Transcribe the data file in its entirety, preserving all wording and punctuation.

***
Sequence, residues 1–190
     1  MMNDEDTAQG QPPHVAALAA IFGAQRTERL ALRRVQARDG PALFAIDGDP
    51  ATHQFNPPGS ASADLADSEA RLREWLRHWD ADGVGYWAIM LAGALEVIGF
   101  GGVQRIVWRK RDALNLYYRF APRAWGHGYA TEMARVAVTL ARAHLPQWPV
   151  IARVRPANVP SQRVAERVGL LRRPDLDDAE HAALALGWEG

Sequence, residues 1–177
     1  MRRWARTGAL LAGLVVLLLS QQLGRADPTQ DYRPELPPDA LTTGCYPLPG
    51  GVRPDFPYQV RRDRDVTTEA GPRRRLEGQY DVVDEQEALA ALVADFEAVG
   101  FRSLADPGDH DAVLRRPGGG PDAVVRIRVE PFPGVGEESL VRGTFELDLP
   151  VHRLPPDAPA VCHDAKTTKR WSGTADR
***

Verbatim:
Sequence, residues 1–190
     1  MMNDEDTAQG QPPHVAALAA IFGAQRTERL ALRRVQARDG PALFAIDGDP
    51  ATHQFNPPGS ASADLADSEA RLREWLRHWD ADGVGYWAIM LAGALEVIGF
   101  GGVQRIVWRK RDALNLYYRF APRAWGHGYA TEMARVAVTL ARAHLPQWPV
   151  IARVRPANVP SQRVAERVGL LRRPDLDDAE HAALALGWEG

Sequence, residues 1–177
     1  MRRWARTGAL LAGLVVLLLS QQLGRADPTQ DYRPELPPDA LTTGCYPLPG
    51  GVRPDFPYQV RRDRDVTTEA GPRRRLEGQY DVVDEQEALA ALVADFEAVG
   101  FRSLADPGDH DAVLRRPGGG PDAVVRIRVE PFPGVGEESL VRGTFELDLP
   151  VHRLPPDAPA VCHDAKTTKR WSGTADR